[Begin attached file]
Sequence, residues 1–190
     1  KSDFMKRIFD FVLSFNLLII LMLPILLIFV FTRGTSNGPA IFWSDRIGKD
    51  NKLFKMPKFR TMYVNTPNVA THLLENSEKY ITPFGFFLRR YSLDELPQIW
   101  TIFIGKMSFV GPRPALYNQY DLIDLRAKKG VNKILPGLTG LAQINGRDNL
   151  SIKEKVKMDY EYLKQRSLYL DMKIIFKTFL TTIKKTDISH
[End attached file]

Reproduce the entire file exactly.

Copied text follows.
Sequence, residues 1–190
     1  KSDFMKRIFD FVLSFNLLII LMLPILLIFV FTRGTSNGPA IFWSDRIGKD
    51  NKLFKMPKFR TMYVNTPNVA THLLENSEKY ITPFGFFLRR YSLDELPQIW
   101  TIFIGKMSFV GPRPALYNQY DLIDLRAKKG VNKILPGLTG LAQINGRDNL
   151  SIKEKVKMDY EYLKQRSLYL DMKIIFKTFL TTIKKTDISH